Listed measurements: 6-foot-6, 330 pounds.
2021-22 year, eligibility: A freshman, though a semester ahead, Fisher has all four seasons of eligibility remaining.
Depth Chart: Fisher turned Notre Dame’s offensive line expectations on their head early on in spring practices. Very quickly clearly a possible starter on Labor Day Eve (95 days), Fisher created a new set of lineup permutations for the Irish to consider. He is not yet the definitive starter, but either Fisher or sophomore Tosh Baker should start at left tackle at Florida State.
Recruiting: An All-American and rivals.com five-star, Fisher ranked as the No. 1 prospect in Indiana, the No. 6 offensive tackle in the class and No. 25 overall prospect in the country. Thus, expectedly, he held a scholarship offer from every pertinent program.
NAME, IMAGE, LIKENESS
That’s called style.
Along with fellow early-enrollee guard Rocco Spindler, Fisher could not have impressed more people this spring. No matter how highly recruited, no true freshman is genuinely expected to emerge as a starter — especially as an offensive lineman — let alone force his way into the starting lineup in spring practices held when he should still be in high school.
But that is exactly what the pair did.
“You have Rocco and Blake come in, they’re playing at a very high level right now through spring,” fifth-year offensive lineman Josh Lugg said in mid-April. “That’s awesome to see.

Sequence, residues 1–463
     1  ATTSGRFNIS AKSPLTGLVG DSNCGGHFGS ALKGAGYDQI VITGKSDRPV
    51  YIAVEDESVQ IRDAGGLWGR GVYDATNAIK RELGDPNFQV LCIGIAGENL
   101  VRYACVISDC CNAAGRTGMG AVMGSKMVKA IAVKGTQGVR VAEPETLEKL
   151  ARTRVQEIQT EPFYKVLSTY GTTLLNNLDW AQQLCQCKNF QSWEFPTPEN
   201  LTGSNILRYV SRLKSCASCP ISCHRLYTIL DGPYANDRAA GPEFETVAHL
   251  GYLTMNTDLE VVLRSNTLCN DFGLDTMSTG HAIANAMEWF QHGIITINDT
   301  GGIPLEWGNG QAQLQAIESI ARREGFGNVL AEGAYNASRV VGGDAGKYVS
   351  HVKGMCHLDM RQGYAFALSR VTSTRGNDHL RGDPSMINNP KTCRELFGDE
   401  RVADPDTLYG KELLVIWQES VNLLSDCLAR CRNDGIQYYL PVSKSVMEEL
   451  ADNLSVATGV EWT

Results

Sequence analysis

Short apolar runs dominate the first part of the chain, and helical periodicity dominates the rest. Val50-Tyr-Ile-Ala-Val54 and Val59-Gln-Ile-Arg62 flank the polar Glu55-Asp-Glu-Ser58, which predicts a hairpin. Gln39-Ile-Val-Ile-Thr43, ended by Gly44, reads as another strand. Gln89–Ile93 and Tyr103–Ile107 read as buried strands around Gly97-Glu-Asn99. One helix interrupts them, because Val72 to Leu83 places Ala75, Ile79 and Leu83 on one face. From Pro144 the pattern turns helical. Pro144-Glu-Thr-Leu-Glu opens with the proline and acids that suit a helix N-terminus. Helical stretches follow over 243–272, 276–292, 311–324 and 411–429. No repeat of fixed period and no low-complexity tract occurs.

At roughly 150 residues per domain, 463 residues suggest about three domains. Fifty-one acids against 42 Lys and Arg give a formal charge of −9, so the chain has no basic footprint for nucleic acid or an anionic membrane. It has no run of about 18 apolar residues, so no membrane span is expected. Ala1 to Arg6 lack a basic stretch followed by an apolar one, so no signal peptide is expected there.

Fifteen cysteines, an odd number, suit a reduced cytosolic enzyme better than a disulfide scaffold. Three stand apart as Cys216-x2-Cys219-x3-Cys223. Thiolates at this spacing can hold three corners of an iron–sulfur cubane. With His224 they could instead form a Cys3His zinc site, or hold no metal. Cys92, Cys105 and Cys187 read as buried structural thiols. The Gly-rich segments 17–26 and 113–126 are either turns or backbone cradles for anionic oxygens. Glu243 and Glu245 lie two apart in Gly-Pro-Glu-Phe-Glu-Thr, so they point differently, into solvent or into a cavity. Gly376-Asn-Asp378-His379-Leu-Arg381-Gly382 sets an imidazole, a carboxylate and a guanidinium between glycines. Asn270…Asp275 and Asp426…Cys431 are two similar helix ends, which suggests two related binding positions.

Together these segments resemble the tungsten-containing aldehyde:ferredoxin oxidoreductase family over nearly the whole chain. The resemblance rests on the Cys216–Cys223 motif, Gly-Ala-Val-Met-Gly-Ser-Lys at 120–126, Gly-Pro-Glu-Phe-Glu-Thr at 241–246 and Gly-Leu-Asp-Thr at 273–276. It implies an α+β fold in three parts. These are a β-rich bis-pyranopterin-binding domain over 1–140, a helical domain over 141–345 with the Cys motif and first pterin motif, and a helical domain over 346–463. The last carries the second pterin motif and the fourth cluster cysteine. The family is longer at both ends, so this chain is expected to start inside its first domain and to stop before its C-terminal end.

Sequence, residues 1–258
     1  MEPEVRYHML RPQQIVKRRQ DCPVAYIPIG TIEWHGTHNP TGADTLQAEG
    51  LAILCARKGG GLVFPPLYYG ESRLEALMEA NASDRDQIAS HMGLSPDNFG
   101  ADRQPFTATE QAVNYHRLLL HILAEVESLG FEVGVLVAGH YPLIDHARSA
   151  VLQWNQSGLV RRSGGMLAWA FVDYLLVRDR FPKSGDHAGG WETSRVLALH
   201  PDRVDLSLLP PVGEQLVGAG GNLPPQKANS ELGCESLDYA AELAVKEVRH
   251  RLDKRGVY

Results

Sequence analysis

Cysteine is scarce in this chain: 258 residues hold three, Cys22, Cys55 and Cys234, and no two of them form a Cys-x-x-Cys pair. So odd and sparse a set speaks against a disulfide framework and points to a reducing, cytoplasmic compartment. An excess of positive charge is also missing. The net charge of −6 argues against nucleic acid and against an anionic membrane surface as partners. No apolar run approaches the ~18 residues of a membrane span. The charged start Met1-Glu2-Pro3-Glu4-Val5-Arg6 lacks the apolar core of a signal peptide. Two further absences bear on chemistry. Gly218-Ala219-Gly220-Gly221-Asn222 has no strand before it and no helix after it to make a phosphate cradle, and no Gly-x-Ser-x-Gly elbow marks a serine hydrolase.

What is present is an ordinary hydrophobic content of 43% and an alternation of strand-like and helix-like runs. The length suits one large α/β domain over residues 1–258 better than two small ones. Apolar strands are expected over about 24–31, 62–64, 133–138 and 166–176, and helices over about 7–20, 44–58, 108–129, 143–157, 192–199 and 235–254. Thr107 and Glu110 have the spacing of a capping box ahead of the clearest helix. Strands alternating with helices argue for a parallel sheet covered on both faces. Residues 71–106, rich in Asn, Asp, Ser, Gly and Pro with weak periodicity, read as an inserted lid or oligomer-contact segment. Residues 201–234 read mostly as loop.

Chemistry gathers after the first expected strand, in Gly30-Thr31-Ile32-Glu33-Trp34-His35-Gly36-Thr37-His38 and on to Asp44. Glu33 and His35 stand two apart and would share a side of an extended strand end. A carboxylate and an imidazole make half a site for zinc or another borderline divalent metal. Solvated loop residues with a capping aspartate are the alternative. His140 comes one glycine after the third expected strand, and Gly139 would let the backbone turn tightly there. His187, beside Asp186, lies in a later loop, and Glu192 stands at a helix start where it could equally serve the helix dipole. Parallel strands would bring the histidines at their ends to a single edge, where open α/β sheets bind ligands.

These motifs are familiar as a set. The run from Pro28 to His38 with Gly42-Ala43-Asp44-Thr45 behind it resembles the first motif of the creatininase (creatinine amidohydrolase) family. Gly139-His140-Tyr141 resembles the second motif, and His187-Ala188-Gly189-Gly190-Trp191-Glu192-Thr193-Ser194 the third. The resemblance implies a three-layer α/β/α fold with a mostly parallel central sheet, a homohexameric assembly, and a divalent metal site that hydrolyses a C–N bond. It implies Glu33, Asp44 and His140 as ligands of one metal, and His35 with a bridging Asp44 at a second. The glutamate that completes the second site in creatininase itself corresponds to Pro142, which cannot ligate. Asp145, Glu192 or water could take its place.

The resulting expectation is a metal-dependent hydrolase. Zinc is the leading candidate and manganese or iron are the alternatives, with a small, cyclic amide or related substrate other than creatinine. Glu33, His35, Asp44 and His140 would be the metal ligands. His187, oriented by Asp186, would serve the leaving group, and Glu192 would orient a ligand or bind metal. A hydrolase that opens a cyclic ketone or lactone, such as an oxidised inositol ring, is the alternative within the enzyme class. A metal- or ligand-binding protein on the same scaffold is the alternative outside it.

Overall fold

“That gets the guys so juiced, when you watch film and you see these young guys, they’re applying what they’re learning in the meeting room so quickly. They’re very coachable, and they should be in high school. They should have prom next weekend, but instead, they’re blocking Kurt Hinish in a scrimmage today.”
And the fifth-year defensive tackle noticed those blocks.
“Rocco Spindler and Blake Fisher are damn good,” Hinish said. “They’re really good offensive linemen and they’re going to be really good here. They’re the best two freshman offensive linemen that I’ve ever seen or have gone against. They’re supposed to be seniors in high school, but these guys are grown men playing with us, and they play with us, it’s not like they are seniors in high school and just compete with us here and there.”
WHAT WAS SAID WHEN FISHER SIGNED
This was, admittedly, wrong.
“Fisher has the size, the strength and the footwork to play as a backup from day one. He’ll have to adjust to the speed of the college game, but that is true for anybody. …
“There are other former top-line recruits in the pipeline, Tosh Baker chief among them, but Fisher should have the inside track on starting on the outside by 2023 at the latest.”
Despite all the springtime praise, it should not be presumed Fisher starts in Tallahassee. If he does so, he will be the first Notre Dame freshman starter on the offensive line in the season opener since Sam Young in 2006. And Baker is a quality player himself.
But all that springtime praise makes it seem likely Fisher will start, quite possibly alongside Spindler. At that point, all bets are off.
Many will see a pair of 18-year-olds starting on the offensive line and punt on the Irish season. That would be rash. Both Fisher and Spindler played at a collegiate level this spring, somehow.
There will undoubtedly be hiccups, just as there would be with Baker getting his first true action, but if Fisher can find some footing in September and maintain through the grueling stretch that awaits the Irish in October, he could put together a November impressive enough to garner even more hype entering 2022.
DOWN THE ROAD